For some bills, the legislative session is just beginning
While the House and Senate wrapped up their legislative session on June 24, close to 200 bills are still “retained in committee” in the House of Representatives. Committees will have a chance to work on these bills over the summer and fall, before the legislature reconvenes in January.
Sometimes committees retain legislation as a polite way to kill a bill or make way for an alternate proposal. Other bills retained in committee get significant work and emerge as flagship legislation the next year.
This article highlights some of the notable bills retained in committee this summer.
There are two marijuana legalization bills retained in the House Criminal Justice and Public Safety Committee, ready for debate in the coming months. HB 237 would legalize and tax marijuana for adults over age 21. HB 629 would legalize possession of up to ¾ oz of marijuana for adults over age 21 and allow home-growing, but not sales. A third bill, HB 526, would lessen the penalties for personal possession of marijuana.
Marijuana legalization certainly faces an uphill battle so long as Gov. Sununu is in office. He opposes marijuana legalization, and it is unlikely that two-thirds of the House and Senate would support overriding his veto of a marijuana legalization bill. Still, with polls showing strong public support for marijuana legalization and all surrounding states allowing marijuana possession, there will be pressure on legislators to consider legalization in 2022.
Voting changes galore
There are over a dozen bills retained in the House Election Law Committee, covering everything from ID requirements for absentee ballots to post-election ballot inspections. The volume of bills in the Election Law Committee shows how focused some Republicans are on election security. In contrast, when asked about a 300-vote discrepancy between hand-counted and machine-counted ballots in Windham this year, Gov. Sununu said:
“A discrepancy of 300 votes out of over 800,000 cast does not constitute ‘massive election fraud.’ In fact, it is proof that New Hampshire’s voting process is the most reliable, safe, and secure in the country, and that we will ensure every last vote is accurately accounted for.”
(A forensic audit of the Windham ballots and voting machines later identified a problem with how the machines read folded ballots.)
While Gov. Sununu touts the security of New Hampshire’s elections, that doesn’t mean he would automatically veto any changes. This year’s budget process has shown that Sununu can be very flexible on his policy positions; he is poised to sign a budget that includes emergency power restrictions and other policies he once opposed.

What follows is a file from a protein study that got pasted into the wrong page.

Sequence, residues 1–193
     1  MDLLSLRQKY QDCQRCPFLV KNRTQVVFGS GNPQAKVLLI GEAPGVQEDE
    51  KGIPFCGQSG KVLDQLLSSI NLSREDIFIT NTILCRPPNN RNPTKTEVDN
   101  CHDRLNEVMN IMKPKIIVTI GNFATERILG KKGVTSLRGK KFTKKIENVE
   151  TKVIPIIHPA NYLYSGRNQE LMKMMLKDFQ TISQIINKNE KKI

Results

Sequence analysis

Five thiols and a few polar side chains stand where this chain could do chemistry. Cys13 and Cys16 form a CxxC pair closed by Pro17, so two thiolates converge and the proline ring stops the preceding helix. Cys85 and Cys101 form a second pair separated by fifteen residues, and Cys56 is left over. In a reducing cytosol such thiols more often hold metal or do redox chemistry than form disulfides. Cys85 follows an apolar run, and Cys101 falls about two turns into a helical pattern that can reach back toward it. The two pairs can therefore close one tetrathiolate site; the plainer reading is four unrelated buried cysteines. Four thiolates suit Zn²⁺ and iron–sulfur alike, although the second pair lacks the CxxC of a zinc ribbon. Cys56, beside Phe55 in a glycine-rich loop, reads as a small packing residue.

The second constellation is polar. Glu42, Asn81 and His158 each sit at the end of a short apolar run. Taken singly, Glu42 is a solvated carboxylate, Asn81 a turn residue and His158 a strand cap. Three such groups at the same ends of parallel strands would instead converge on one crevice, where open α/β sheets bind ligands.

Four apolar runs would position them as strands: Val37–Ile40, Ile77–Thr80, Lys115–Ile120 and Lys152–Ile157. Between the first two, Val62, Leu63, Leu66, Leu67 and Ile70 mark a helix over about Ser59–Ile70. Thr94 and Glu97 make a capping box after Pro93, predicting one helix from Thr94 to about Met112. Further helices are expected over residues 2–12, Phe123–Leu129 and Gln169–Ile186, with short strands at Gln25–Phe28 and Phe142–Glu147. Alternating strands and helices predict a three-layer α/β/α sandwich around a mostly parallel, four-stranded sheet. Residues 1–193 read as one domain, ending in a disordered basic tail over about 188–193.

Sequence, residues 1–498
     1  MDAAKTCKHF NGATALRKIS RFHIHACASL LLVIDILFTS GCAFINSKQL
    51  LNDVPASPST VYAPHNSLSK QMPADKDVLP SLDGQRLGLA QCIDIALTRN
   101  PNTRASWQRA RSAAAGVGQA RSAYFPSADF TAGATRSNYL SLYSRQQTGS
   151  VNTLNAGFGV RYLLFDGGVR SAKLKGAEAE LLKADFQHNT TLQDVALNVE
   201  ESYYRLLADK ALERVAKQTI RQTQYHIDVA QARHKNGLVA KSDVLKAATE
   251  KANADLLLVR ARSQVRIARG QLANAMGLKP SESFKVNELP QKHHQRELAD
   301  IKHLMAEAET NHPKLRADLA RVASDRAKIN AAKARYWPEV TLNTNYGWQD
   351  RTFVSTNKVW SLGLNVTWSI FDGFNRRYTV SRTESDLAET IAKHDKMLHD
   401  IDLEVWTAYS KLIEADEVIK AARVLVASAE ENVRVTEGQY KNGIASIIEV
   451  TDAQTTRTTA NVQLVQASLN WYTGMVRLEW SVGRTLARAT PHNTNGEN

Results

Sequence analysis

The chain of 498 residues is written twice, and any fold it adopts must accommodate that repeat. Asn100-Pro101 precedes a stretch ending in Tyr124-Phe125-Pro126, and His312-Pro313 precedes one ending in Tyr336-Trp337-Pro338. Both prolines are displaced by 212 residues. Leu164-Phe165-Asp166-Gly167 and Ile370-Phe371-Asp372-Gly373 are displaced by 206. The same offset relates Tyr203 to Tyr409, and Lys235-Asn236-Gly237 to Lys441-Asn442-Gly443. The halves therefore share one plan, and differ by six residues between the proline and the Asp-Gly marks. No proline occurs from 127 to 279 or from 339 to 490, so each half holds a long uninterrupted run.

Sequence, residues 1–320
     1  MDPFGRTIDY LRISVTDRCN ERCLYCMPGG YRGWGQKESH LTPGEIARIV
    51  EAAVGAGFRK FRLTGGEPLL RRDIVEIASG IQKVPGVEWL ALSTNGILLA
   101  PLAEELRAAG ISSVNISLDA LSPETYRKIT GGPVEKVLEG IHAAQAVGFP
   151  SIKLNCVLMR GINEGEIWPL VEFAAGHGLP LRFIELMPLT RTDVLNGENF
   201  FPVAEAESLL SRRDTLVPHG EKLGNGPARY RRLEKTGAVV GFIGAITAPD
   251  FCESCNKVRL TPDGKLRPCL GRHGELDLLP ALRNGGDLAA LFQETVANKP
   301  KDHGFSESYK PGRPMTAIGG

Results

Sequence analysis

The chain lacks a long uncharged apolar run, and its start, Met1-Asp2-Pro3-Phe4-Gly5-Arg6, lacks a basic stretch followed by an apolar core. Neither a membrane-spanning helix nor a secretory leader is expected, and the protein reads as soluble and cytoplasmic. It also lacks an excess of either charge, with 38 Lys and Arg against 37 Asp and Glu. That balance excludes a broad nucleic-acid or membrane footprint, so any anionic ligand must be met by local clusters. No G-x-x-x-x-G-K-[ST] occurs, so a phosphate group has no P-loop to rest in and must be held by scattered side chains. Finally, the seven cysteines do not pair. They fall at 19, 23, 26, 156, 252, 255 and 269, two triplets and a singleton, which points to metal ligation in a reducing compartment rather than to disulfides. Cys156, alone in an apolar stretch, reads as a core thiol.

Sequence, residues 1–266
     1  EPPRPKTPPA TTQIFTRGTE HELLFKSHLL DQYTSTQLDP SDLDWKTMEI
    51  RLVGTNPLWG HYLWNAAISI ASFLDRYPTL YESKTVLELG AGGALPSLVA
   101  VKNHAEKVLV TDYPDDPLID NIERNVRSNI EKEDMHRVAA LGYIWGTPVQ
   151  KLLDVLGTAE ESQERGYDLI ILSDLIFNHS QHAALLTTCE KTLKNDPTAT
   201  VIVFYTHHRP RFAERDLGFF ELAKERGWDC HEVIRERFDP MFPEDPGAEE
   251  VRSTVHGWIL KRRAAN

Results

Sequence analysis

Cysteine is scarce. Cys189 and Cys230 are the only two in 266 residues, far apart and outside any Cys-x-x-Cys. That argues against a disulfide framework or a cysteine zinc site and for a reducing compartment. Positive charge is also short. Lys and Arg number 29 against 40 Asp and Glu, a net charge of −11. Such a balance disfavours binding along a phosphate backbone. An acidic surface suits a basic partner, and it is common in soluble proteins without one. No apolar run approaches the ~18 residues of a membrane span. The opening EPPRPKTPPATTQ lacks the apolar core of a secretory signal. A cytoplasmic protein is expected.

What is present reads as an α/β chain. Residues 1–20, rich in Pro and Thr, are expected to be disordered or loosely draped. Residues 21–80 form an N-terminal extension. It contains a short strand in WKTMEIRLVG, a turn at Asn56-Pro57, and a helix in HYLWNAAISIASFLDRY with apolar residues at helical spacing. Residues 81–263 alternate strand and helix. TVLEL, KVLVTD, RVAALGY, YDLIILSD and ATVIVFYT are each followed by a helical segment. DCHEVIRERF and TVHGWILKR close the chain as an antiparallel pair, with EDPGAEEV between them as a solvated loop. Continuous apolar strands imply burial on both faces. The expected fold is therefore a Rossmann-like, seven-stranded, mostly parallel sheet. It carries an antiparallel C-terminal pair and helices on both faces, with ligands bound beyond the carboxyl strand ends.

Accommodations for pregnant and nursing employees
This year the Senate passed two bills that would require employers to accommodate pregnant and nursing employees. The House Commerce and Consumer Affairs Committee retained both of those bills, SB 68 and SB 69. The Senate pushed to get the bills over the finish line by adding them as an amendment to HB 610, but representatives refused that change, arguing that the bills needed more work in committee.
Proponents of SB 68 and SB 69 argue that women need this protection and support to return to work – especially in light of New Hampshire’s workforce shortage. Opponents argue that the Human Rights Commission already works to prevent discrimination against pregnant and lactating employees, and these bills could burden employers.
Gov. Sununu backed similar legislation in 2020, but that bill died during the COVID-19 legislative shutdown.
Dental coverage under Medicaid
This year House budget negotiators nixed a Senate plan to provide dental coverage under Medicaid, arguing that the House didn’t get enough time to examine the costs. HB 103 was a separate bill to add dental benefits to Medicaid; that bill was retained in committee and could be the vehicle to move the plan forward in 2022.
Supporters argue that covering dental care will ultimately lead to Medicaid savings, since poor oral health is linked to diabetes, heart disease, and other expensive health conditions. Opponents argue that the costs of dental coverage are still unclear.
Gov. Sununu vetoed a similar bill in 2020 over a potential $11 million price tag, but says he supports the concept of adding dental coverage to Medicaid.
New Hampshire redraws its electoral districts based on U.S. Census data, but due to COVID-19, that data was delayed this year. Legislators won’t get detailed population data until September, so all of the House redistricting bills are retained in committee.
New Hampshire GOP Chairman Steve Stepanek said Republicans will redraw the districts to favor their party, particularly in the 1st Congressional District. With Republicans controlling the state House, Senate, and governor’s office, they certainly have the power to group towns in their favor.
Redistricting bills still have to go through the same legislative process as other bills, so expect a lot of public comment and debate starting this fall.